Tuesday, June 14, 2011

What Lyme Has Taught Me~ Lesson One

I've just started taking B12 shots again. The pharmacy was kind enough to give me longer and larger gauge needles than what I was using before. So I had to toughen up and just do it. I am a human pin but at least it is giving me some energy to keep up with my life. It does make me wonder how long I've been dealing with this deficiency. I have always felt to some degree that I just don't have the same get up and go like everyone else. I always thought it was a personality thing. I have no idea until my test results come back. This situation does remind me of how I felt when I first realized I was positive for Lyme Disease.
I was so mad that no doctor thought to test me for Lyme Disease or even give it a moments thought. For so long I was told you are faking it. I even had a nurse one time write on my medical records in the office that I was a hypochondriac and looking for attention. I scoped out the notes she left behind when she wasn't looking and my heart sank. The tears started to well up inside of me. I was not making this up! Believe me I had better things to do with my time like raise my son and run a house.
Now I don't give my doctors that much power anymore. I try to do my research before I enter the office, talk with friends that have seen the same doctor or type of doctor, and I usually give a call to my insurance company to make sure what is covered or not.
The best compliment was when I went to see my primary care doctor and asked him what he thought about ruling about some possible genetic illnesses that I might have besides the Lyme Disease that could be complicating my recovery from the Lyme. He was up front with me and suggested the Rheumatologist to rule out Rheumatoid arthritis which I have in my family on both sides. I tried to think of every option including a Cardiologist and Neurologist. He told me they probably wouldn't believe the Late Stage Lyme Disease would be causing my symptoms and I had no evidence so far of family history that would push us in that direction. I appreciated his candor. I realized a very important lesson that day. Go into the regular doctors office with the facts, no heavy feelings, and do your homework before hand. Be your own best advocate. And in the end he told me he wished his other patients new how to advocate for themselves they way I did that day. I felt pretty good leaving his office. I felt empowered.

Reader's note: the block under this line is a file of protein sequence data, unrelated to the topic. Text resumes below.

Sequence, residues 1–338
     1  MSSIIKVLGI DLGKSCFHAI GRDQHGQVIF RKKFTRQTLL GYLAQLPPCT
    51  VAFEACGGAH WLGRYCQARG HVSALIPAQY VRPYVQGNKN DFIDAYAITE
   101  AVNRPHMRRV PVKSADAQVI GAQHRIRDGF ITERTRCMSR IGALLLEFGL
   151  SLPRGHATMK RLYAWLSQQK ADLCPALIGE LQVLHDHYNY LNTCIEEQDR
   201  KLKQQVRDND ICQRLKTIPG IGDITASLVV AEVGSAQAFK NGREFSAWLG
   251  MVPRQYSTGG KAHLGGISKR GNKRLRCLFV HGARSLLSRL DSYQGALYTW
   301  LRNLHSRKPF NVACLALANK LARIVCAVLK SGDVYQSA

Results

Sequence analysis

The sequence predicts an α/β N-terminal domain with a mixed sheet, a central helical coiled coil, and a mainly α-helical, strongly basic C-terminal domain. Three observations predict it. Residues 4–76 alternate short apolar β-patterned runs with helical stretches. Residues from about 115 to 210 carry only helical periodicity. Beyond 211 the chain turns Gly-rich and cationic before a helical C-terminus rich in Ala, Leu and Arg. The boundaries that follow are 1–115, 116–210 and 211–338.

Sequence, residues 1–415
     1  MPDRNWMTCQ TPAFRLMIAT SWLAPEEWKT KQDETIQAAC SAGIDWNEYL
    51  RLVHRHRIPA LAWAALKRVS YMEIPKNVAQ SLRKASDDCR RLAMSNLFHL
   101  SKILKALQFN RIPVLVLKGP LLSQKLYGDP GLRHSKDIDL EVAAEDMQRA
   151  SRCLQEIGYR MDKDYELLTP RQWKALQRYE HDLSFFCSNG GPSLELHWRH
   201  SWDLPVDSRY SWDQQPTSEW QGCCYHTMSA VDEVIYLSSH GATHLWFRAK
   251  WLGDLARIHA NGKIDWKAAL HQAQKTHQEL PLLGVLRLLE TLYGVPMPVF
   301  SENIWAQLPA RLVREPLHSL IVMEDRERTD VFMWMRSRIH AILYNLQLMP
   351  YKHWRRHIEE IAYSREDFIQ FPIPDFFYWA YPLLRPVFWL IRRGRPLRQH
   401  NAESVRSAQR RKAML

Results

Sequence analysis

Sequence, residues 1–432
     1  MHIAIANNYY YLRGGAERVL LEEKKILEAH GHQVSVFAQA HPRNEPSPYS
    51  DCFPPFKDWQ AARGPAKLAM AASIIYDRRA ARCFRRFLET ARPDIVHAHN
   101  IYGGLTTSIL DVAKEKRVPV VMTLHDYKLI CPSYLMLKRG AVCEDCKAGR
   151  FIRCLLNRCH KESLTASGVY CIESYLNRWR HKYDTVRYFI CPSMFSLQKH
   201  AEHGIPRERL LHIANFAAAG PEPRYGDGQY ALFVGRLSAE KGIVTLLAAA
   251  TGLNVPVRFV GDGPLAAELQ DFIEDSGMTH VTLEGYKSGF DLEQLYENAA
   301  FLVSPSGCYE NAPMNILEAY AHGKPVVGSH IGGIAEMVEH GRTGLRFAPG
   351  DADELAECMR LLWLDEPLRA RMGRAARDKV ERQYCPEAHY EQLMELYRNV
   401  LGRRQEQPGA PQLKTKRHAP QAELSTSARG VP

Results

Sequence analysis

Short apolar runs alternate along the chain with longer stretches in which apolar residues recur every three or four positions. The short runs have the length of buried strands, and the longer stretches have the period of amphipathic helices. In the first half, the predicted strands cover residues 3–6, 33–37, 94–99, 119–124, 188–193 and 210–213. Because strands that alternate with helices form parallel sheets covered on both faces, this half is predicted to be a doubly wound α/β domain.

And yes to answer your question, I did meet with the Rheumatologist and my first words were, "I was diagnosed with Lyme Disease but that's not why I am here. I have Rheumatoid Arthritis in my family and I want to rule that out." Once I made my objectives clear, I had opened up a line of communication that he and I both understood. Also I had a personal reference from a Lyme friend who saw this Doctor and she came to appointment with me to give support and extra knowledge to work with in case he gave me any trouble. I did have elevated Rheumatoid Factor which is common with a Lyme Disease patient but the levels were not high enough to qualify for RA. I was having lots of joint pain and he did examine me for that and said it was tight muscles and tendons that were my problem. So he did prescribe a minimal dose of Tramadol which I did end up using for over a year. Now I don't need it anymore since going gluten free. It took over a year of being gluten, and wheat free before I could benefit from it being out of my system. I'd rather not eat gluten than be on a pain killer for the rest of my life.
I just wish more Lyme Patients could benefit from an Advocate who understood their journey. It breaks my heart that more and more Lyme Patients are ending their lives because they are so overwhelmed. Recovering from this disease is such a long process. It seems to suck the hope and joy right out of you. I just hope one of these days I can be the advocate for another Lyme Patient. Then I can say all of this craziness has come full circle and been a true benefit for someone else. I guess that's why I tell my story and try and listen to my fellow Lymie's. I want to "Pay it forward." If you haven't seen that movie you should. The lesson it shares is ground breaking and simple.